# What is a rotation group and how do we get its unitary representation?

The rotation group is $${\rm SO(3)}$$. It is the group of $$3\times 3$$ orthogonal matrices $$\{g(\theta)\}$$ with unit determinant. So these are already defined in terms of $$3\times 3$$ matrices. But we use unitary representation $$\{U(g(\theta))\}$$ of the rotation group in quantum mechanics. What does that even mean?

How do we define rotation group if not in terms of explicit $${\rm SO(3)}$$ matrices? Is this already not a representation? Isn't the definition of rotation group already in terms of this representation?

Given the elements of the rotation group (i.e., the $${\rm SO(3)}$$ matrices $$g(\theta)$$) how do we get, $$U(g(\theta))$$?

• This is way too broad. Do you know what the formal definition of a representation is? Have you at least read the wikipedia entry? – AccidentalFourierTransform May 29 at 16:20
• @AccidentalFourierTransform yes, I know the definition of representation. Group elements are represented by matrices that obey the group structure. Does it help? – mithusengupta123 May 29 at 17:53
• May or may not be helpful but I wrote some notes on representation theory of SO(3) and QM here: scholar.harvard.edu/files/noahmiller/files/… – user1379857 May 29 at 22:59
• Do you understand that representations can have various dimensions? For example there are $5 \times 5$ and $17 \times 17$ matrices representing 3D rotations, not just $3 \times 3$ ones. – G. Smith May 30 at 0:02

## 2 Answers

[about SO(3)] SO(3) is an abstract group with a lot of well-known properties (Lie, compact, topological etc). The representation of SO(3) via 3d, orthogonal, real-valued maricies is one of many possible ones. But this is, by definition, a faithful representation, i.e. every group member has a distinct matrix that corresponds to it.

[about getting unitary reps]

The rotation matricies are orthogonal and real-valued, so they are already unitary, thus, technically, the question is moot.

If your question is how to go from the general orthogonal, 3d, real-valued matrix with unity determinant to its representation as $$R=\exp\left(\dots\right)$$, i would suggest diagonalizing the matrix.

You will find that this does not work over the space $$\mathbb{R}^3$$, but it does work over $$\mathbb{C}^3$$. Quite simple reasoning can show that any

$$R\in \mathbb{R}^3\times\mathbb{R}^3$$ with $$\det R=1$$ and $$R^T=R^{-1}$$ can be diagonalized in the complex space with eigenvalues:

$$\lambda_{1,2,3}=\exp\left(\pm i\phi\right), 1$$ for some $$\phi\in\mathbb{R}$$

Thus $$R=V \exp\left(i\left(\begin{array}\\ \phi &&0 && 0\\ 0 && -\phi && 0\\ 0 && 0 && 0 \end{array}\right)\right) V^{\dagger}$$

Where the $$V$$ is the unitary matrix with eigenvectors. Now simply take the $$V$$ matricies into the exponential and you will have your representation.

The point here is that, if $$\omega\in SO(3)$$, and if $$\omega_1\cdot \omega_2=\omega \in SO(3)$$ is the combination rule on abstract elements, then a representation (by matrices) $$U$$ is a map $$\omega\mapsto U(\omega)$$ so that the rule $$\omega_1\cdot \omega_2=\omega \quad \Rightarrow \quad U(\omega_1)\cdot U(\omega_2)=U(\omega) \tag{1}$$ for any $$\omega_1,\omega_2,\omega\in SO(3)$$ is also satisfied by the matrices $$U(\omega)$$ representing the elements. There is a theorem stating that, for $$SO(3)$$ and a bunch of others, all representation are equivalent to unitary representations, so that $$U(\omega^{-1})=U^{-1}(\omega)=U^\dagger(\omega)$$.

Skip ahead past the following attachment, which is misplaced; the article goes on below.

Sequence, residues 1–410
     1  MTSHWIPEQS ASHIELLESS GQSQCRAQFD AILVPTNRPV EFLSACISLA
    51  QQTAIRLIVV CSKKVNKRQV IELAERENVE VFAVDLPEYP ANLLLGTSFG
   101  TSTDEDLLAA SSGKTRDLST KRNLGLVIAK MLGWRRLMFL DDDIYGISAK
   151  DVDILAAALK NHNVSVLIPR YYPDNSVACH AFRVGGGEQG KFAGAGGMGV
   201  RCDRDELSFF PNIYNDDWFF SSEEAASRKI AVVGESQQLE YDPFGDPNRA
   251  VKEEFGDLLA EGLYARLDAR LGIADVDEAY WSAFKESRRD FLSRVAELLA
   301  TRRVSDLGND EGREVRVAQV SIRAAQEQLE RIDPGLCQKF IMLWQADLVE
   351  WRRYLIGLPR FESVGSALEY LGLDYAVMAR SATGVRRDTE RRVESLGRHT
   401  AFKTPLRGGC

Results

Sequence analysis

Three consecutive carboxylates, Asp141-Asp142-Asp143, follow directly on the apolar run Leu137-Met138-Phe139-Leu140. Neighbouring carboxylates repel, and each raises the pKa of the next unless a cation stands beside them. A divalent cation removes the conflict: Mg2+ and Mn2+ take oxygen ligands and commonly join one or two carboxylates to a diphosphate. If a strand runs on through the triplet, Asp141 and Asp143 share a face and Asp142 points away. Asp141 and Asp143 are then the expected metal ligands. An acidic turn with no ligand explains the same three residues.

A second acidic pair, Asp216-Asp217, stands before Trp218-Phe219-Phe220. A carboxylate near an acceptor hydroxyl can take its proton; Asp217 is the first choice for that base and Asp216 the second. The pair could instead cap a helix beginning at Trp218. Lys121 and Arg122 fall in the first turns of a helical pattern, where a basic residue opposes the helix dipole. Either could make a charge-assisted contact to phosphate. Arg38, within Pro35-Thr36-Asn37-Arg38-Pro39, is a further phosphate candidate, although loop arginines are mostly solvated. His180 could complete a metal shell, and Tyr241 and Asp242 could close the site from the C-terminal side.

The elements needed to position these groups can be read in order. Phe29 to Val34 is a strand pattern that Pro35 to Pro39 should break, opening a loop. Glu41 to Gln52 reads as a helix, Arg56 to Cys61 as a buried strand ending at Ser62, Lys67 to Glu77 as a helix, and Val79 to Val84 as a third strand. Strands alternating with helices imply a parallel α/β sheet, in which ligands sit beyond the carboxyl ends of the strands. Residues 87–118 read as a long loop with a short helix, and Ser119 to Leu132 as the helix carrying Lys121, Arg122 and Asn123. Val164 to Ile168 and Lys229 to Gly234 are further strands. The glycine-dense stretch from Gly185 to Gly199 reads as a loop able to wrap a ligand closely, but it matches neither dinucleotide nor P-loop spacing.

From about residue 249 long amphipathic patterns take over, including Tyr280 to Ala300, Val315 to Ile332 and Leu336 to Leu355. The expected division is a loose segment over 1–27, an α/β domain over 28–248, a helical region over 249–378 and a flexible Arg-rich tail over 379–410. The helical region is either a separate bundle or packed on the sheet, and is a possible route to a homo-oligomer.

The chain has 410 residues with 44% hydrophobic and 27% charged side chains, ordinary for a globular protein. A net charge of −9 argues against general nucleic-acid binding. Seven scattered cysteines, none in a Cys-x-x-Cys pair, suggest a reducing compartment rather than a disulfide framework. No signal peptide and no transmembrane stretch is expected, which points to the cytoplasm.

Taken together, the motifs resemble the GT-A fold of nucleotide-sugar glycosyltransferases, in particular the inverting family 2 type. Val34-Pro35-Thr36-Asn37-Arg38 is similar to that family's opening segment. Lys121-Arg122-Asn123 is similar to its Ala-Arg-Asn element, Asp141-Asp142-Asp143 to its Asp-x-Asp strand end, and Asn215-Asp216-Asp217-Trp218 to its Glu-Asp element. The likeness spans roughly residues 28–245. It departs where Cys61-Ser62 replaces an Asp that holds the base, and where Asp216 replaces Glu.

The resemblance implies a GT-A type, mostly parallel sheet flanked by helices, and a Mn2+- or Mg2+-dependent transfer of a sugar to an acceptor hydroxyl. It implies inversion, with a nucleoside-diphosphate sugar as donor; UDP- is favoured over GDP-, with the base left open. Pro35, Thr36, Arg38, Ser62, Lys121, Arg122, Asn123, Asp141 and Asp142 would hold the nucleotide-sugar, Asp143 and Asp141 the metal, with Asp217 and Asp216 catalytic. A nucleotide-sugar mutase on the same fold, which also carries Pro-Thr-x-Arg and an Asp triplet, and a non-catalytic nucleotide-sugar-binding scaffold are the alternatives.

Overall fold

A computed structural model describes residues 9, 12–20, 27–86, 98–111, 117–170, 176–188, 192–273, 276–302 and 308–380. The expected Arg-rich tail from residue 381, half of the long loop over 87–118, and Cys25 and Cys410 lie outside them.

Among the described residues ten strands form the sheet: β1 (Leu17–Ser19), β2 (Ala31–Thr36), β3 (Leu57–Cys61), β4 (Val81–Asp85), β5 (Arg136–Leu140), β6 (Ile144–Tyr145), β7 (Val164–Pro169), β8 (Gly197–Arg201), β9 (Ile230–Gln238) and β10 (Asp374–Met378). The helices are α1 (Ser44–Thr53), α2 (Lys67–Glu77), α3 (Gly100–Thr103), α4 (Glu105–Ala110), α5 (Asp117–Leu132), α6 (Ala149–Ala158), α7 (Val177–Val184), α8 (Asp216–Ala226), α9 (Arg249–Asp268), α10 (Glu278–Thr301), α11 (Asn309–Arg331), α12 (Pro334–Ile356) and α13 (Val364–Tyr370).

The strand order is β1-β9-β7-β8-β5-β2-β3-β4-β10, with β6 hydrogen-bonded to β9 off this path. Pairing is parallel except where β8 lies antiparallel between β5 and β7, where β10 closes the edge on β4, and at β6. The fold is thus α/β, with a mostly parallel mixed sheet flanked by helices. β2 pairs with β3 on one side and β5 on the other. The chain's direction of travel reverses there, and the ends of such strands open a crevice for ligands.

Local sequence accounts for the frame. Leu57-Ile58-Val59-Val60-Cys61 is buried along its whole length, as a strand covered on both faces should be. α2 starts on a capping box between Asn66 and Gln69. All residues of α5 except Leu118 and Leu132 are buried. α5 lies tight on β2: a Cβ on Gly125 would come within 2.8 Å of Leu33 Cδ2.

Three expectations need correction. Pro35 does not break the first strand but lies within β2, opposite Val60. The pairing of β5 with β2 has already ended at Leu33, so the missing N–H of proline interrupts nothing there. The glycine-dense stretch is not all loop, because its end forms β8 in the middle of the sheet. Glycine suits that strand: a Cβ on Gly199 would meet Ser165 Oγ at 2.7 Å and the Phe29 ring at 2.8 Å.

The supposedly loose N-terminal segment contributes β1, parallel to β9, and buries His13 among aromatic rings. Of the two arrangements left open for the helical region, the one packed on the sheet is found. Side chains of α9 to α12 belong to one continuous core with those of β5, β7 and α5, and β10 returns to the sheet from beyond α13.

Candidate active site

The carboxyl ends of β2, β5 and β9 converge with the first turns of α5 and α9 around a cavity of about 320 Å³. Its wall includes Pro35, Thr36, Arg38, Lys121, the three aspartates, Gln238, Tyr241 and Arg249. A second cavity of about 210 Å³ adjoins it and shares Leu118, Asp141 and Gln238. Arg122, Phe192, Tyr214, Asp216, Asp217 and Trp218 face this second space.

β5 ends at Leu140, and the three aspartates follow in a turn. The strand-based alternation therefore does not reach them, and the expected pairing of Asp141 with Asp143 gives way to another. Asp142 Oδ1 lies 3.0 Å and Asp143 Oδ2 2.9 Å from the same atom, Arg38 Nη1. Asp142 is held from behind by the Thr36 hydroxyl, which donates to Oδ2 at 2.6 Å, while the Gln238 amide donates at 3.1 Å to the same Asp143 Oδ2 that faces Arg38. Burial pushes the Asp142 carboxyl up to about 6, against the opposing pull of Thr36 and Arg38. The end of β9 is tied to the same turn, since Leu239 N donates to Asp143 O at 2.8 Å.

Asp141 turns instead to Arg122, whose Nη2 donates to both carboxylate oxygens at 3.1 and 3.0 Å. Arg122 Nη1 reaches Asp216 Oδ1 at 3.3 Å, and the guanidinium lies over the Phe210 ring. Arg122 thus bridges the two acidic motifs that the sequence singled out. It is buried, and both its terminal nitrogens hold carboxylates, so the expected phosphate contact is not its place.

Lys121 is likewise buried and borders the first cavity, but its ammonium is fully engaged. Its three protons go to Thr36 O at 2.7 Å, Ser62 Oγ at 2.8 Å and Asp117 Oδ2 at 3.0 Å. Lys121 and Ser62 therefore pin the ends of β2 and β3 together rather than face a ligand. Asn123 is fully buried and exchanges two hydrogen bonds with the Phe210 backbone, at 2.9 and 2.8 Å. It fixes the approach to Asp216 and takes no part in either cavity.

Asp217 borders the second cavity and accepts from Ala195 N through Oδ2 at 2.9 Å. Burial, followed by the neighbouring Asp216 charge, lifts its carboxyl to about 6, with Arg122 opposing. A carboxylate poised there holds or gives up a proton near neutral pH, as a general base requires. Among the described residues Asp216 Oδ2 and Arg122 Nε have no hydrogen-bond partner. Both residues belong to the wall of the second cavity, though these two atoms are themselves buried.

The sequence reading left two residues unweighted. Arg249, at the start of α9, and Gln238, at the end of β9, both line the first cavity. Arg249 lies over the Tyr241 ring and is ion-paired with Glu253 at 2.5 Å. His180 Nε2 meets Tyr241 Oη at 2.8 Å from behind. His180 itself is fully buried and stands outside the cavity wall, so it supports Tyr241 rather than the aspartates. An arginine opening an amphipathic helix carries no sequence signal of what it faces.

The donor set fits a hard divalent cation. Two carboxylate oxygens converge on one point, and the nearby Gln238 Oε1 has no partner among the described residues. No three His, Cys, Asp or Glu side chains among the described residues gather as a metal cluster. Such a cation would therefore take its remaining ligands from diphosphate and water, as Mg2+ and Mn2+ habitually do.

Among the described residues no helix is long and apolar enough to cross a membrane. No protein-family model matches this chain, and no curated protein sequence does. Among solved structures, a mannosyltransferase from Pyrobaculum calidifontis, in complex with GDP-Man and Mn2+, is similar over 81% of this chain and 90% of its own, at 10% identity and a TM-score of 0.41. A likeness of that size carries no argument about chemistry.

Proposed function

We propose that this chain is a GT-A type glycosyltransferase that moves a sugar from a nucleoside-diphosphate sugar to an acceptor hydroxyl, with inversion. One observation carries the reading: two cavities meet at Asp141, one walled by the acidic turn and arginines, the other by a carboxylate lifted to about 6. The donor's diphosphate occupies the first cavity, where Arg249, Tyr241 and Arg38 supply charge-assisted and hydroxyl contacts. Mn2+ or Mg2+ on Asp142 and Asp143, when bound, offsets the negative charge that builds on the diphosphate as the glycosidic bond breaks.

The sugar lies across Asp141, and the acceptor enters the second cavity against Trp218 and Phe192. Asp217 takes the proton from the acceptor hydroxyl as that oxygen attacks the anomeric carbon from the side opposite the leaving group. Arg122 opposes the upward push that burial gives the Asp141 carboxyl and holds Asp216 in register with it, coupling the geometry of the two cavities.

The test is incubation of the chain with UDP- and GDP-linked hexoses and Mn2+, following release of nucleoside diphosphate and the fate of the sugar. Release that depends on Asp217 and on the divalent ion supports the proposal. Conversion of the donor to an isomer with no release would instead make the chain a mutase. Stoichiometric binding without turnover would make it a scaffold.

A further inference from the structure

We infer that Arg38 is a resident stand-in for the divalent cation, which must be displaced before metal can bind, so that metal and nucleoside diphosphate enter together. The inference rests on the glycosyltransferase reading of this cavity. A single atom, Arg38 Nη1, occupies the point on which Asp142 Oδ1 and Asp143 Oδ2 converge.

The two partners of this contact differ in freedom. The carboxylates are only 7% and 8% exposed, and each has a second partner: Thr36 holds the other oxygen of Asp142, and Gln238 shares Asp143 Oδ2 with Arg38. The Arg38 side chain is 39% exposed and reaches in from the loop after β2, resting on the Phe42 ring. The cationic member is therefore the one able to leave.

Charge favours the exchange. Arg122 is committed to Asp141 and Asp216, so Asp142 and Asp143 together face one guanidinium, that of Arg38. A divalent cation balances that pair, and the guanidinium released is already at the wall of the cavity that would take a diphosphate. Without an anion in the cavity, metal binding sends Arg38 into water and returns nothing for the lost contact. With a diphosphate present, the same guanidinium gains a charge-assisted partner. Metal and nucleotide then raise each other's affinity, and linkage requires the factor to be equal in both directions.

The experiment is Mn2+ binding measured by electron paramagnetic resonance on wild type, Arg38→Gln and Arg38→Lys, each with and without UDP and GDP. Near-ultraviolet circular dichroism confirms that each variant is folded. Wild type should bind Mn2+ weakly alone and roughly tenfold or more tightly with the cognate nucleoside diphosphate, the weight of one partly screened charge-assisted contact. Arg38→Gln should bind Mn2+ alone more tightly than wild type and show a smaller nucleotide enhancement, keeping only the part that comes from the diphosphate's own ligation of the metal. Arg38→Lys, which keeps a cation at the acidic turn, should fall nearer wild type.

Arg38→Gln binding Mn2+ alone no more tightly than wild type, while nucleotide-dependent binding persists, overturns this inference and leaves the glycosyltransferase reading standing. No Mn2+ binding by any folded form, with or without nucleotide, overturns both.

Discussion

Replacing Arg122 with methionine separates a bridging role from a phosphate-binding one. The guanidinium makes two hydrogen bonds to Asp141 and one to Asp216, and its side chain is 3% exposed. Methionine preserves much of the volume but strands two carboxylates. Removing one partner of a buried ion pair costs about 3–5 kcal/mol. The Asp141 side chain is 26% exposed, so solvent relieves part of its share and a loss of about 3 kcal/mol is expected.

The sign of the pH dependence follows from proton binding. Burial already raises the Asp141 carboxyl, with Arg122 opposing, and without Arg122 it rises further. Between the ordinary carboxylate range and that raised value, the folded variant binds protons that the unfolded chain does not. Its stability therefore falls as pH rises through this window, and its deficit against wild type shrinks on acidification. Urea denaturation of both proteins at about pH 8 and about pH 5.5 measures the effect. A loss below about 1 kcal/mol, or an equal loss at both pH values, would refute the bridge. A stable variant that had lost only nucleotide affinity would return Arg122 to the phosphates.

Although the so-called defining representation is in terms of a $$3$$-dimensional space on which $$SO(3)$$ acts "naturally", there may be matrices of dimension other than $$3$$ that satisfy the basic composition law of $$\omega_1\cdot \omega_2=\omega$$ or its matrix version of Eq.(1).

You can "obtain" a representation by larger matrices by tensoring and decomposing the resulting representation. For instance, if $$\{\vert {1}\rangle ,\vert {2}\rangle,\vert {3}\rangle\}$$ are a basis for the $$3$$-dimensional irrep of $$SO(3)$$, then the set$$\{\vert i\rangle\vert j\rangle\}$$ spans a 9-dimensional space with $$U(\omega)\left[\vert i\rangle\otimes\vert j\rangle\right]:= \left[U(\omega)\vert i\rangle\right]\otimes \left[U(\omega)\vert j\rangle\right]$$ will provide you with a $$9$$-dimensional representation, which turns out to be reducible. Note that I'm abusing the notation here because on the left I have $$U$$ as a $$9\times 9$$ matrix but on the right the $$U$$'s are $$3\times 3$$ matrices. In fact, the $$9\times 9$$ representation is reducible: it contains $$L=2,1,0$$, i.e. irreducible pieces of dimensions $$5,3$$ and $$1$$. The $$L=2$$ and $$L=0$$ irreps are spanned by symmetric combinations like $$\vert 1\rangle\vert 2\rangle+ \vert 2\rangle\vert 1\rangle$$ etc, while the $$L=1$$ contains antisymmetric pieces.

In cases other than $$SO(3)$$ (or $$SU(2)$$), one can also obtain inequivalent representations by taking the conjugate. The simplest example would be $$SU(3)$$, where the defining representation ($$3\times 3$$) is often denoted by $$\textbf{3}$$ or $$(1,0)$$ in the Dynkin scheme, and where its (non-equivalent) conjugate is denoted by $$\textbf{3*}$$ or $$(0,1)$$. One can then construct any representation by tensoring a suitable number of copies of $$(1,0)$$ and $$(0,1)$$ and decomposing the result.

Note that $$SO(3)$$ representations (and also $$SU(2)$$ representations) are "self-conjugate" in the sense that taking the conjugate yields the same representation.